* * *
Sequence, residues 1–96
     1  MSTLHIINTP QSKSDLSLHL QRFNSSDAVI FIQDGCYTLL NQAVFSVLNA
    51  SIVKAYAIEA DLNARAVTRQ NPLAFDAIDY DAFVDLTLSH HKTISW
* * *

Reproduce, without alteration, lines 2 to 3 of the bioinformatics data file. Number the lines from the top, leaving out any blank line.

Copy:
     1  MSTLHIINTP QSKSDLSLHL QRFNSSDAVI FIQDGCYTLL NQAVFSVLNA
    51  SIVKAYAIEA DLNARAVTRQ NPLAFDAIDY DAFVDLTLSH HKTISW